Although both 2003 Ops Atty Gen No. 18 and Greens at Half Hollow, LLC v. Town of Huntington (15 Misc.3d 415) are informative on the issue presented, neither is binding on this Court.

New York Constitution article VI, § 30, states, in pertinent part, that “[t]he legislature shall have the same power to alter and regulate the jurisdiction and proceedings in law and in equity that it has heretofore exercised” (N.Y. Const art VI, § 30 [emphasis added] ).   Acting pursuant to this authority, the State Legislature has enacted several relevant statutes.   First, the Legislature has granted, to the District Court, the following authority regarding actions to recover civil penalties for local code violations:

“The court shall have jurisdiction of the following actions provided that the real property involved is located in whole or in part within a district of the court in the county ․

“(2) An action brought to impose and collect a civil penalty for a violation of state or local laws for the establishment and maintenance of housing standards, including, but not limited to, the multiple dwelling law, the multiple residence law, and any applicable local housing maintenance codes, building codes and health codes ...

“(6) An action or proceeding for the issuance of an injunction, restraining orders or other orders for the enforcement of housing standards under any law described in paragraph (2) of this subdivision ” (Uniform District Court Act [hereinafter UDCA] § 203[a][2], [6] [emphasis added] ).

Second, the Penal Law and Town Law, when read together, establish the jurisdiction of the courts to try criminal actions to enforce code violations.   Under the Penal Law, “Local Criminal Court[s]” (CPL 10.10[3][a] ) have jurisdiction to try “petty offenses” and “misdemeanors” (CPL 10.30[1] ).   The District Court is among the courts defined as a Local Criminal Court (see CPL 10.10[3] ).   The superior courts, which include the Supreme Court and the County Court (see CPL 1.20[20], 10.10[2] ), have, among other things, jurisdiction to try misdemeanors concurrent with that of the local criminal courts, and jurisdiction to try petty offenses,5 but only when such petty offense is charged in an indictment which also charges a crime (see CPL § 10.20[1][b], [c] ).6  The Town Law provides that violations of ordinances, rules, and regulations will be deemed misdemeanors or offenses for jurisdictional purposes as follows:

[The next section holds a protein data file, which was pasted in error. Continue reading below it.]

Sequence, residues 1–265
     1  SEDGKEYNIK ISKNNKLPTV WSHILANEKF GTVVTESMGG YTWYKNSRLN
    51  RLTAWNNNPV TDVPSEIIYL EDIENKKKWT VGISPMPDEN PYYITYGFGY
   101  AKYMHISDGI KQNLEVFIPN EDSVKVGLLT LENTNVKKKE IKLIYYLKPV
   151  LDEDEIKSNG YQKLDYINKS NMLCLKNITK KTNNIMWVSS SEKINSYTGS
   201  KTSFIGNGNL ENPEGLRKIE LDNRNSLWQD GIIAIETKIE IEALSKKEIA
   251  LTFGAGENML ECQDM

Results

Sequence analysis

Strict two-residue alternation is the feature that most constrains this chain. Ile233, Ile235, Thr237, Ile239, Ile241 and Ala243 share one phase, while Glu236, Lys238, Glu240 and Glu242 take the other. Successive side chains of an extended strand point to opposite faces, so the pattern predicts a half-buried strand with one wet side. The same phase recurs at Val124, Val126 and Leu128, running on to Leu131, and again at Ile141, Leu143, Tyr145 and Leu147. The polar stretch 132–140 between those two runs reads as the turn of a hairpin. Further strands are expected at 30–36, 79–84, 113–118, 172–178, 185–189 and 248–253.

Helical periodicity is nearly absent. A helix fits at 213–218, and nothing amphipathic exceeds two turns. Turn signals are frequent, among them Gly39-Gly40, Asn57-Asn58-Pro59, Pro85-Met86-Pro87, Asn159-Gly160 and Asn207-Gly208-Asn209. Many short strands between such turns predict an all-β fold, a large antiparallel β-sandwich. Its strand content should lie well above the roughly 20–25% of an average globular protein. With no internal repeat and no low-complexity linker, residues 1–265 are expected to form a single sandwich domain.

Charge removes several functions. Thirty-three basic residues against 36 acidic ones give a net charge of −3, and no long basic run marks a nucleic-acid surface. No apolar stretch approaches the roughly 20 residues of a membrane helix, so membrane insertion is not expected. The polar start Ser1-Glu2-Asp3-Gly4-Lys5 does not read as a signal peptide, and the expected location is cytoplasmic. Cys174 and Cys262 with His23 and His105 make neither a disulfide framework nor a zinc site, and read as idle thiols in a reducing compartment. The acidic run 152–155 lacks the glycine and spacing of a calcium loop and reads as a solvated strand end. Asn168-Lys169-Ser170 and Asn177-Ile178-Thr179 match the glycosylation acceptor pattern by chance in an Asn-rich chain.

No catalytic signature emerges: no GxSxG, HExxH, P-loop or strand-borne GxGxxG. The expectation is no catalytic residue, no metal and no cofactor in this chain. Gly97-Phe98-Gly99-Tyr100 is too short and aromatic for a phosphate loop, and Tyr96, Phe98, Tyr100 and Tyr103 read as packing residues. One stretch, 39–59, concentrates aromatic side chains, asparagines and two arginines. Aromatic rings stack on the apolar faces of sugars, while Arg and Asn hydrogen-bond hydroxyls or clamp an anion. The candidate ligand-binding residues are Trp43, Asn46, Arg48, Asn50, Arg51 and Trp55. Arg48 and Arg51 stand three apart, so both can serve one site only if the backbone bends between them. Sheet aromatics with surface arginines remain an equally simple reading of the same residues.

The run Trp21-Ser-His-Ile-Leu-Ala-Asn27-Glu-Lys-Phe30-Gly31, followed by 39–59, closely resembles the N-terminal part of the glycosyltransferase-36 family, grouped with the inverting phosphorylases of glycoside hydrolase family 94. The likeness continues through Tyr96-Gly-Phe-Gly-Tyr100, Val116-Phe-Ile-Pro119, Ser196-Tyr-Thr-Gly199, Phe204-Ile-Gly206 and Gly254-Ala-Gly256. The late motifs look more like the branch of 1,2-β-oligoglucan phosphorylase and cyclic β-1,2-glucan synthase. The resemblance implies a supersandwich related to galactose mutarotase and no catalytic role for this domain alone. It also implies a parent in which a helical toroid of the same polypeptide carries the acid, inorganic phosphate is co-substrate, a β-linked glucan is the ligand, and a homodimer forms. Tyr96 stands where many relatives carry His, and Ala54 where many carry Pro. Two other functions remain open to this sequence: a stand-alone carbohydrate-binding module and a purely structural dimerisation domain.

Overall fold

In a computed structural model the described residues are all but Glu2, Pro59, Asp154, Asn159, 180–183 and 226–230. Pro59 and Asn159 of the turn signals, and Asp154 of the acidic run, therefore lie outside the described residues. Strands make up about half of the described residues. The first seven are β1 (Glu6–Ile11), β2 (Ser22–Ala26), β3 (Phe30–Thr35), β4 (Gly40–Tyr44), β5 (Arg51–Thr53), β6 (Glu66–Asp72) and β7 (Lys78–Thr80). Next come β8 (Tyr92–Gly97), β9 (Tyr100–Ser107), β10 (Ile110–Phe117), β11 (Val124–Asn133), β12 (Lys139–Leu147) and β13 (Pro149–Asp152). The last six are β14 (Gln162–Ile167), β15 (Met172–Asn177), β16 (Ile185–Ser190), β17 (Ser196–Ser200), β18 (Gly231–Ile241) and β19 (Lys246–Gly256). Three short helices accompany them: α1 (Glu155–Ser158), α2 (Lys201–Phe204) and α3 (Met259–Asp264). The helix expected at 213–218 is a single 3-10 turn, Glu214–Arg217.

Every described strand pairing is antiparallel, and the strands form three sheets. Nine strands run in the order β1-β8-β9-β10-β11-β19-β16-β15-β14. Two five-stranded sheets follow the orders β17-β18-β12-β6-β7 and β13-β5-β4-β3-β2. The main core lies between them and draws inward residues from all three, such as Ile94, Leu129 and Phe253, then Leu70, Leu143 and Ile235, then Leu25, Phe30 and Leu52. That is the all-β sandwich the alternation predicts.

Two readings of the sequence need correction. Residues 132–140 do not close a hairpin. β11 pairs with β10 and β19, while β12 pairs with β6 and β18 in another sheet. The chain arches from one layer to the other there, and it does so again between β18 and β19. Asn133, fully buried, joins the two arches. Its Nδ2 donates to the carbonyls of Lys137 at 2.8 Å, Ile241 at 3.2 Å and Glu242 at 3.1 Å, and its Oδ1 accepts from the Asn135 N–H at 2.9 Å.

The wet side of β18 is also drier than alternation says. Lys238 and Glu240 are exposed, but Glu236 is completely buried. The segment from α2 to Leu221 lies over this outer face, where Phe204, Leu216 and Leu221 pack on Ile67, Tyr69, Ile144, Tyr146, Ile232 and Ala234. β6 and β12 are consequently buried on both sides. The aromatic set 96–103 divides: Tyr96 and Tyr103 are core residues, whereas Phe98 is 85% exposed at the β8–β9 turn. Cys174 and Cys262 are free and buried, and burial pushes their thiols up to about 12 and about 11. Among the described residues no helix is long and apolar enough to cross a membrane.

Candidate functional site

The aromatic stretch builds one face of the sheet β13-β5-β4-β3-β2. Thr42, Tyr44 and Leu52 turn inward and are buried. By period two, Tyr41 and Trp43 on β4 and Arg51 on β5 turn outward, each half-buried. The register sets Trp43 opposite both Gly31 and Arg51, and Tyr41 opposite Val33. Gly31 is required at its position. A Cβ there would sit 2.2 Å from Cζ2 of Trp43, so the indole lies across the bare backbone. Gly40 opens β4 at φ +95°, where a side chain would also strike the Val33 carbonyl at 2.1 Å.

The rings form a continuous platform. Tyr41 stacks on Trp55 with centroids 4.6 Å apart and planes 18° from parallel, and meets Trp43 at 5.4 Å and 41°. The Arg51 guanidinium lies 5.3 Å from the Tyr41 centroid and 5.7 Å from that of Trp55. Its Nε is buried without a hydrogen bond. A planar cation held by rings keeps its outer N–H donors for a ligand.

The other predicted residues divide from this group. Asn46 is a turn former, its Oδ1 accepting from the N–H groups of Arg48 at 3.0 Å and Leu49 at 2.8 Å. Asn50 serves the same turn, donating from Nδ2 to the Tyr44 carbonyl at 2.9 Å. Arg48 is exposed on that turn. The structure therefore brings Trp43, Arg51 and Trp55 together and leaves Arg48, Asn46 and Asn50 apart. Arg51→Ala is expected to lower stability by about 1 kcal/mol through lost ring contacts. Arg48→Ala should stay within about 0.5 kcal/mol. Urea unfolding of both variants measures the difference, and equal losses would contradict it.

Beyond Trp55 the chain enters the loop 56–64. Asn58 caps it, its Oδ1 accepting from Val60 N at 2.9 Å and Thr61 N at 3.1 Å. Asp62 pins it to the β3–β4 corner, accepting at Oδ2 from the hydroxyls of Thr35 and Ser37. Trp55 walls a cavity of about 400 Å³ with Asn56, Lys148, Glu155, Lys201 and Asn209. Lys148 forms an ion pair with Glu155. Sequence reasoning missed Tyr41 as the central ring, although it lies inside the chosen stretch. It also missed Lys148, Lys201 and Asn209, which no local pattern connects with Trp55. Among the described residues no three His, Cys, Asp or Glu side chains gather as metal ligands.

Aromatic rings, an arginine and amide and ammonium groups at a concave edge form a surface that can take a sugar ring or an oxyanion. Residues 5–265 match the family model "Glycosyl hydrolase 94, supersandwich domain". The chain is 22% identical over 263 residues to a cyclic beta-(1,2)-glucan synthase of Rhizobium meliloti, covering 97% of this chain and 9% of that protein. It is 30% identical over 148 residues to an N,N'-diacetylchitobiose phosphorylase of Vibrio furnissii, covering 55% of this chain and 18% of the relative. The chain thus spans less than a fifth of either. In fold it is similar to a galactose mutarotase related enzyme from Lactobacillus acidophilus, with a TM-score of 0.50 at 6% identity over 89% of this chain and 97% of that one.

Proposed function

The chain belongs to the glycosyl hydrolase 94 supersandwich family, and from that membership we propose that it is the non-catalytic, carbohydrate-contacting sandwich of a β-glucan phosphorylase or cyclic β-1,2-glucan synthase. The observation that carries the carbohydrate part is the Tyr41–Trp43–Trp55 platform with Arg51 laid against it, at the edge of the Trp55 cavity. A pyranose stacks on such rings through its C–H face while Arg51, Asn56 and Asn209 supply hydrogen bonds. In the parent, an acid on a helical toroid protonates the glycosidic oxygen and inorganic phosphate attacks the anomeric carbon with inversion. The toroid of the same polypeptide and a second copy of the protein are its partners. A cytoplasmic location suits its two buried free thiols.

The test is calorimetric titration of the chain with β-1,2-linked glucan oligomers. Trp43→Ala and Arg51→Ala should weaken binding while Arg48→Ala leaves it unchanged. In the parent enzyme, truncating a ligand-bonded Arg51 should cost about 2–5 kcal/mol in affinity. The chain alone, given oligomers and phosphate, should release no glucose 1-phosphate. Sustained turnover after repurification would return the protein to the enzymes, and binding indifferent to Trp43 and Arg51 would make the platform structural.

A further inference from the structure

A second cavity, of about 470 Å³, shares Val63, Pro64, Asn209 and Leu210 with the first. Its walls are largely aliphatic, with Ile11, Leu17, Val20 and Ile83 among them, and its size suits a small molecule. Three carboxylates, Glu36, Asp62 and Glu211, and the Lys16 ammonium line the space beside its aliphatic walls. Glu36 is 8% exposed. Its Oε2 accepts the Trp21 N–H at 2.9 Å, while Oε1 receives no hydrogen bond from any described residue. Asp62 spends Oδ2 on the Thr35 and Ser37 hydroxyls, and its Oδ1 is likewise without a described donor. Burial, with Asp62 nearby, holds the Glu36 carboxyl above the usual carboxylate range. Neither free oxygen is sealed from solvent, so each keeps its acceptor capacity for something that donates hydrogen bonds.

“A violation of any ordinance, rule or regulation adopted by the town board pursuant to this chapter is hereby declared to be a misdemeanor except as otherwise provided by law and except that any such violation of a provision of a town building code or zoning ordinance shall be deemed an offense against such code or ordinance, and the town board may provide for the punishment thereof by fine or imprisonment or both;  provided, however, that for the purpose of conferring jurisdiction upon courts and judicial officers generally, violations of a town building code or zoning ordinance shall be deemed misdemeanors and for such purpose only all provisions of law relating to misdemeanors shall apply to such violations.   It is also empowered to provide civil penalties for such violation.   The town board may also maintain an action or proceeding in the name of the town in a court of competent jurisdiction to compel compliance with or to restrain by injunction the violation of any such ordinance, rule or regulation, notwithstanding that the ordinance, rule or regulation may provide a penalty or other punishment for such violation” (Town Law § 135[1] [emphasis added] ).

Thus, although a violation of a zoning or building code is an offense, it is deemed for jurisdictional purposes to be a misdemeanor which would enable both local superior courts and local criminal courts to exercise jurisdiction over a criminal action to enforce such a violation.   Construing the applicable sections of the Penal Law and the Town Law, it is evident that the Legislature conferred jurisdiction over civil actions to enforce ordinance violations upon the District Court, and conferred jurisdiction over criminal enforcement actions upon the superior courts and to the local criminal courts.